I began this journey by milling the wood for the top and getting the legs ready.   The top wasn't quite deep enough so i had to go and get more cherry, unfortunately I couldn't find any that was as thick as what I had, this means there is going to be a lot of planing.  Lucky for me my Father In-Law has a nice new thickness planer that he was more than happy to let me come test out. After getting the boards to the desired thickness, I decided I was going to use pocket holes and glue to create the panel for the top of the desk.  So i went ahead and drilled all the holes for the pocket screws and then thought it was a good idea to go ahead and glue the panel up and then put in the screws after it dried.  This was a big mistake, the boards shifted a lot when I clamped them.  In retrospect, I will use dowels or biscuits next time, this will ensure that I have even boards when glued and clamped.

The next steps were the apron boards for the bottom of the desk.  Well here is another mistake, somehow I cut one of the boards for the apron way to short...and by short I mean damn near a foot, I knew I should have measured when squaring the boards.  So now i have to cut the top to fit the aprons or go and buy more cherry wood.  Well being unemployed and living off unemployment pay the option was to cut the table top to fit the apron.  Now instead of having a nice 8ft long desk it is now a bit over 7ft.  I learned some more valuable lessons during this part of the build.  Next time I will create the leg and apron structure before I even touch the top, I will use dowels instead of pocket holes or take the time to do a mortise and tenon.   Well the desks construction is gone, I won't go into the horror story of trying to use the drum sander on this large desktop panel, I really don't want to relive that horror.  Side note, I will be creating a new cart for the drum sander and building in larger extensions.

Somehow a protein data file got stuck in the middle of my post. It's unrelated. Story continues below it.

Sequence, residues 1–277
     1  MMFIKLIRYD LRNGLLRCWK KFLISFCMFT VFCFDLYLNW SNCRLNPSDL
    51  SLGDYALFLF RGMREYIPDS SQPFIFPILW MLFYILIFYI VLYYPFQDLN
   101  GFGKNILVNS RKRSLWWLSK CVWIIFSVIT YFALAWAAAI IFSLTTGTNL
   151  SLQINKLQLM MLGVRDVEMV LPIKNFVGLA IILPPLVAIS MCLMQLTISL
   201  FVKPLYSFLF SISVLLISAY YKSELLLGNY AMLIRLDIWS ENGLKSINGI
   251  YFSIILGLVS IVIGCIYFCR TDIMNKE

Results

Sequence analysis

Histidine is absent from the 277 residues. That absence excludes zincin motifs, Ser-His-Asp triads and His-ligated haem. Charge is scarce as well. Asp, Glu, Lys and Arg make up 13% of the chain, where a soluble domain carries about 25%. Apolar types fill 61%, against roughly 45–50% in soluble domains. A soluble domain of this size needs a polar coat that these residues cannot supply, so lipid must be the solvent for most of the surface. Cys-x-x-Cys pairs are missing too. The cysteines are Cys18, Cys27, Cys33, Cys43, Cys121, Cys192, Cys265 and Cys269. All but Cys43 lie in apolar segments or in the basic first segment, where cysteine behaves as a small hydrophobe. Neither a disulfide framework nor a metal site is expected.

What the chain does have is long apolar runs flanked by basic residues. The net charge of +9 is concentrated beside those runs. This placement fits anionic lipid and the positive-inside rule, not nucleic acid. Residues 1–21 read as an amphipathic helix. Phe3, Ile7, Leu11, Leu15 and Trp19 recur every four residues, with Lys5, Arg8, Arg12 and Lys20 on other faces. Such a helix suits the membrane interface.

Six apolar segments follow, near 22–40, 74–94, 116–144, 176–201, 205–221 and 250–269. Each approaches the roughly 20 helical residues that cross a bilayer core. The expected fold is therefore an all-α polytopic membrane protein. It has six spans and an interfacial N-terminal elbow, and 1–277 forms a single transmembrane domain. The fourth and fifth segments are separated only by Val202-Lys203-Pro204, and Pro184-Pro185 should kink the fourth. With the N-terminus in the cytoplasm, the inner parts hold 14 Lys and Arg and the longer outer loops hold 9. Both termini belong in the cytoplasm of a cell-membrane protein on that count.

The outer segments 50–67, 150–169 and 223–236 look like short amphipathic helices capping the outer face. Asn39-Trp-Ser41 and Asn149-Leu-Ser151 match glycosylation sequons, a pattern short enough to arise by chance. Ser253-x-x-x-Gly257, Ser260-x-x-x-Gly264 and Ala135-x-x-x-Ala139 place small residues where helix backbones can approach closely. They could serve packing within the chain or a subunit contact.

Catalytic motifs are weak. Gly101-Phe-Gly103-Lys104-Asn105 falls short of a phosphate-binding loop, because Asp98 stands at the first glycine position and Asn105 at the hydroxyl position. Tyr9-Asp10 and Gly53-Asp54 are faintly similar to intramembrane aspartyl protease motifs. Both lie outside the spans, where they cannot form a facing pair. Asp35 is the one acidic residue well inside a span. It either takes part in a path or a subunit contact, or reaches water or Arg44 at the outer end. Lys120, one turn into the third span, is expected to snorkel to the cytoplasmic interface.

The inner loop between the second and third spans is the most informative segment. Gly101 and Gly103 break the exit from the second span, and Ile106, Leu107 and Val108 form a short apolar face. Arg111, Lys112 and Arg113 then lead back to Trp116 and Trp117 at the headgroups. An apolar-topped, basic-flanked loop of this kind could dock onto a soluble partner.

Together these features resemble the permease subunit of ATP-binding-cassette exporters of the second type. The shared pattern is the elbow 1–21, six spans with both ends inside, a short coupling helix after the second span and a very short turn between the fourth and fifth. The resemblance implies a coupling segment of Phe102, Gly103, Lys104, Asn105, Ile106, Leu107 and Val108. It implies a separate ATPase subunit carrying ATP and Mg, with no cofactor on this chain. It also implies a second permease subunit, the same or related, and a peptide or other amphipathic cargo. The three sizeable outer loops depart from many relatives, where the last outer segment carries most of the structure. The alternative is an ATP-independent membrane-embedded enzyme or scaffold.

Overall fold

Once again I am stumped on how to finish this desk, like I said it is my first build with quality material and I want to finish it with a quality finish.  I watched so many videos, read forums, it seems that not one woodworker out there can agree on how to finish cherry.  Cherry can be tough to finish, it can be blotchy, blah blah blah blah, the only common thread was cherry can be blotchy.  I decide I am going to take a risk and use Watco Cherry Danish Oil and then finish it off with a wipe on polyurethane.  To quote one of my favorite movies Indiana Jones and the Last Crusade "I have chosen wisely."  The desk is exactly what I wanted a minimalist desk with no storage and a lot of work space.   I learned so much from this build and can't wait to build another.  Thanks for reading.

Read more

Solid Cherry Desk....For Me!

Posted by Bill McBeth on

Sometimes you have to look on the bright side of life (I bet you are whistling that tune now aren't you, if not go watch Monty Python Life of Brian).  May of 2016 the company that i have been with for 5 years laid me off due to budget cuts and a re-org.  It was quite a kick in the gut and I thought being an IT Manager and Systems Engineer I wouldn't be out of work for very long.  Fast forward 4 months, I finally got a job offer.  It wasn't the ideal position, however, it paid well and was work from home.  The work from home left me in a lurch, my desk only had room for my gaming system and wouldn't work well to add another workstation, so I decided I was going to build my first piece of furniture using quality materials.  I had some cherry that was slated for a Morris Chair i wanted to build....I'm not going to lie the wood has been in my workshop for a couple years now.   I decided that this material would be perfect to build a minimalist desk with a large work surface, but there are so many design options.  I spent a couple week looking at desks online, I tell you what Pinterest is a wonderful site.  I finally decided that I really enjoyed the aesthetics of a Parsons Table.